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Team Building: Beyond Hiccups and Howling


Photo by Merakist on Unsplash

I'm often approached either as an executive coach or a business consultant to work with teams to help enhance behaviors and/or develop an appetite for change. For the most part, the motivation for seeking team building assistance tends to fall into one of two categories I affectionately call Hiccups and Howling.


Hiccups

Hiccups are defined as something that has brought a behavior to a leader's or organization's attention. It can be described as an unwanted behavior, flagging team morale, underperformance, or unproductive conflict. Hiccups are emblematic of disruptive behaviors and wishful thinking with the belief that there is some remedy -- a one-shot sure-fire cure, training, or assessment -- that can bring things back into stasis or return to "normal." (Hold your breath, drink water upside down, or a spoonful of sugar.) Working with teams with a "hiccup" mindset is usually short-term and rarely sustainable for the long term. One-time team workshops without an ongoing behavioral framework that everyone is committed to is at best, temporary.


Howling

Howling refers to the motivation of wanting to align the team into a pack that collectively howls at the moon, united in purpose. It is a benevolent motivation stemming from the desire to enhance unity, comraderie, and alignment in purpose and actions. Leaders seeking a howling approach are often looking for a conflict-free culture that is internally driven with less external props. Howling is mistaken as an outcome when in fact it is a behavior. It also misses the fact that the strongest teams are diverse with different perspectives, backgrounds and ideas. Rather than aligning to a single goal (or behavior like howling at the moon) strong teams require a complete score of instruments moving in tempo from harmony to dissonance to resolution. Creating a score is not only necessary, but makes performance possible for others on a repetitive basis. Rather than howling in unison at a primal level, teams need to be more like an orchestra, each playing their part in a revolutionary masterpiece that gives equal footing to the major and minor keys.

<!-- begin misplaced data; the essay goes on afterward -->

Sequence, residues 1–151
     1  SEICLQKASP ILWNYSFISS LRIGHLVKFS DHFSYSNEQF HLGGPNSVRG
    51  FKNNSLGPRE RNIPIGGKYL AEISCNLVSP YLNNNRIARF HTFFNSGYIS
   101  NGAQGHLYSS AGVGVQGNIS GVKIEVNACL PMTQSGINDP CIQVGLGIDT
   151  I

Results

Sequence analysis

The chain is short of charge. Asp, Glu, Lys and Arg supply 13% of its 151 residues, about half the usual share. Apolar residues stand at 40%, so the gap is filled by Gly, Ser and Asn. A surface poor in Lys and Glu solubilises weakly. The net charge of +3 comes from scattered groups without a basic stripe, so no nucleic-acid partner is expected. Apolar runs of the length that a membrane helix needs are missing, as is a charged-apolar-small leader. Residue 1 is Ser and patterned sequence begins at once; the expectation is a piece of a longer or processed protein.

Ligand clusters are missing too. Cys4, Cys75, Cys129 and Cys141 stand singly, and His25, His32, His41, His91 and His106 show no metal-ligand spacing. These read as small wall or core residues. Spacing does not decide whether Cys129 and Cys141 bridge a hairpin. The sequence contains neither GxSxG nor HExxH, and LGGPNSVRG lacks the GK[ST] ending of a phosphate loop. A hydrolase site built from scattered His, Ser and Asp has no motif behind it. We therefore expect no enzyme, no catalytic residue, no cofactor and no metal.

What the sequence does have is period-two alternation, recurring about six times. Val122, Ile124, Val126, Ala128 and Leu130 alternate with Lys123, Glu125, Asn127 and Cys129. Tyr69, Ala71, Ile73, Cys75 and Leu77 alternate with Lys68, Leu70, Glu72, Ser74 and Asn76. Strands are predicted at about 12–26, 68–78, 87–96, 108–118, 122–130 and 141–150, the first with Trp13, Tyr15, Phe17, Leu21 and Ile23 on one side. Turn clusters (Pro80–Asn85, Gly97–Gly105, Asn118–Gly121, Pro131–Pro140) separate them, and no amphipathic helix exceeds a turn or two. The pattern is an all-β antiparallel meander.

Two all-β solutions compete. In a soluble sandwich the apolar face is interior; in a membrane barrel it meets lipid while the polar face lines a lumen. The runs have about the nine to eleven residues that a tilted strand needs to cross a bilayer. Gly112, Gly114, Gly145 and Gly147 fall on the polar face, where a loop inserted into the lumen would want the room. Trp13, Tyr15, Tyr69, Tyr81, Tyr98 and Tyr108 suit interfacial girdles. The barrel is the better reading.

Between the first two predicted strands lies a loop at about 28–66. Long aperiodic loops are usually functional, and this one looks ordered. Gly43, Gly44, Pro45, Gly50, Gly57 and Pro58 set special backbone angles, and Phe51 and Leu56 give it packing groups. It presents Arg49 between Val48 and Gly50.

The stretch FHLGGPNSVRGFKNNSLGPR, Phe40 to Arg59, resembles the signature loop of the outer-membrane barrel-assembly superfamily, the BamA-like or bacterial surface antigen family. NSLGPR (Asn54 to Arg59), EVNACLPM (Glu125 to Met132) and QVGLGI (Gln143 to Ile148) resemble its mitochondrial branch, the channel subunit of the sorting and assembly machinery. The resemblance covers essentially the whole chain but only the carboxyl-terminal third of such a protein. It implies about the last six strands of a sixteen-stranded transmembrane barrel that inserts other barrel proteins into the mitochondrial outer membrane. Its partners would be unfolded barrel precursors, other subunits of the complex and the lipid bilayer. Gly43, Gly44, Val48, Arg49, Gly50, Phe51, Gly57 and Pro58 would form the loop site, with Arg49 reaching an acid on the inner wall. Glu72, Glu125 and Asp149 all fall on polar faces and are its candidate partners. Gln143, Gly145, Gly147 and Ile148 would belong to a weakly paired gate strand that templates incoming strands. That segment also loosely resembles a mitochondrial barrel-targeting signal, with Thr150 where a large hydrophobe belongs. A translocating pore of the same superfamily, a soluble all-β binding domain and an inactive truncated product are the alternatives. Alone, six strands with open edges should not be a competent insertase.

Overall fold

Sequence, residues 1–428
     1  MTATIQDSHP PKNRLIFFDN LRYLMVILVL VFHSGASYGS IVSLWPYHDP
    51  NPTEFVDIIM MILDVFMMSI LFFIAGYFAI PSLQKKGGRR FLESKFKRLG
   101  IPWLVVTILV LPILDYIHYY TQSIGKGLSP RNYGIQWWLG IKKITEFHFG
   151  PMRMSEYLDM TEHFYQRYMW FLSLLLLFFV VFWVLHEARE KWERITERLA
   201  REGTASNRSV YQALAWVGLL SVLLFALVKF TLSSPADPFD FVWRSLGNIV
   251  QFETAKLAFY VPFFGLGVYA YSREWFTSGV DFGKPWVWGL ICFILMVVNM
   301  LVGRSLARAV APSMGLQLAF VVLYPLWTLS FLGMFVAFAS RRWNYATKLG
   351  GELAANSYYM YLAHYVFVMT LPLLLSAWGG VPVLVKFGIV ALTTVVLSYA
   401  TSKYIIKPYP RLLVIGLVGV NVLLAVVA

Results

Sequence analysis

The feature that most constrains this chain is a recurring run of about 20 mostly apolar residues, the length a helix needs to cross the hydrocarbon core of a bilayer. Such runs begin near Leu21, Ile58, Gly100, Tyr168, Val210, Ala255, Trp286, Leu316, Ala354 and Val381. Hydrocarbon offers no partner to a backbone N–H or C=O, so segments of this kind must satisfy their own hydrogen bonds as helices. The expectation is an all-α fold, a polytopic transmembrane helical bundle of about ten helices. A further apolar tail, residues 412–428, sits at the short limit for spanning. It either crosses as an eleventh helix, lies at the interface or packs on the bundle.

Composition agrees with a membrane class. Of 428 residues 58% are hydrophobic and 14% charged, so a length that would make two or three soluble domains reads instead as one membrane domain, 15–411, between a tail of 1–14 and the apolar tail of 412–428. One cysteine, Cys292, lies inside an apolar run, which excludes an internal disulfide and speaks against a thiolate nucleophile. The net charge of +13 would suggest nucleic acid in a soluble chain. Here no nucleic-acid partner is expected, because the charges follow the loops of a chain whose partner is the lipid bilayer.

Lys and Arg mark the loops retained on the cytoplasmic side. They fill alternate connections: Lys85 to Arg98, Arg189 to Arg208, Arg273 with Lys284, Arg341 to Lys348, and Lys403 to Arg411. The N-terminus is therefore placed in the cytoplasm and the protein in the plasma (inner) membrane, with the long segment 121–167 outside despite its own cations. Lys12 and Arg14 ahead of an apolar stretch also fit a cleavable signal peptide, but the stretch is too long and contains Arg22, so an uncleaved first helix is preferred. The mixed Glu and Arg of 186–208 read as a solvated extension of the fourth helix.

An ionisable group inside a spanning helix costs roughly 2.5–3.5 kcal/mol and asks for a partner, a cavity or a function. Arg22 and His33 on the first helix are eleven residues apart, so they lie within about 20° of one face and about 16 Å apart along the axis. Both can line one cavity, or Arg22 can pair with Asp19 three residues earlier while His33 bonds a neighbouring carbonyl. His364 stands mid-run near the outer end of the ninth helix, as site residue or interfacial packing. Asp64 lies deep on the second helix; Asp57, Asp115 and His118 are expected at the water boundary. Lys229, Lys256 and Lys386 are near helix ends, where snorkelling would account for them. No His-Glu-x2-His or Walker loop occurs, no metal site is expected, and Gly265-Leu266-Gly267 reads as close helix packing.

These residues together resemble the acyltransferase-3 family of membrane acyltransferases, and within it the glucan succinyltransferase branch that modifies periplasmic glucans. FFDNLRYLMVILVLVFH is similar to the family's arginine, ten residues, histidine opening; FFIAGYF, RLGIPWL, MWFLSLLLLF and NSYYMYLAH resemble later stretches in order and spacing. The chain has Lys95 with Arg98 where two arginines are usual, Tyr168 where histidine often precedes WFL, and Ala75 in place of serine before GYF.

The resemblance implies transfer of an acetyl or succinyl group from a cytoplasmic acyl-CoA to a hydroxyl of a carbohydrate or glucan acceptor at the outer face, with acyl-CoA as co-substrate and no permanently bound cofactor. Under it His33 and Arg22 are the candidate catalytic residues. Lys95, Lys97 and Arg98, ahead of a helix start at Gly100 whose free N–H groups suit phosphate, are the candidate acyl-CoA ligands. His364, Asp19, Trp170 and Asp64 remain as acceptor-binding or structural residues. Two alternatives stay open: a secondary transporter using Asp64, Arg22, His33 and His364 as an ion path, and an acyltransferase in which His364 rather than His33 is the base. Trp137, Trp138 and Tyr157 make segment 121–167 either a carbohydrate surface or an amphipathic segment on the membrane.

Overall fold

A more sustainable team-building approach.

With the level of disruption that has defined the last two years and with no real signs that our disruptive environment will settle down, the idea of team building is moving away from one-off band-aid or bonding approaches that were so prevalent in the last decade, to a more purpose-driven, approach that allows teams to self-align based on recognizing individuality (strengths and skills), experience (cultural and career), understanding how behaviors and emotions are linked (emotional intelligence), and building space for divergent thinking that isn't driven by a top down approach but looks more like an energy exchange system between peers and reports. The work I do in this space isn't done in a vacuum. It is part and parcel of the strategic planning process and is aligned to real goals and outcomes. When I am engaged to work with a team, we take a sustainable approach by focusing on the four dimensions of the team through Discovery, Dynamics, Design and Delivery. A team not only consists of people, but it is also a collection of strengths, emotions, momentum, creativity, connections, commitments, and measurements when well managed, assures that the team is not only high-performing but sustainable.


flow chart showing the 4 D's of building sustainable teams

The next time you have the urge to cure a case of the hiccups or convene your team for a howling session under the next full-moon, take a minute to consider the short-term versus long-term benefits. Teams thrive when viewed through a 4D lens.


Break the Tape Leadership helps leaders unleash creativity and potential in themselves and the organizations they lead to generate meaningful momentum. (And we help teams avoid the hiccups and howling at the moon expectations with a 4D approach for building sustainable outcomes.)


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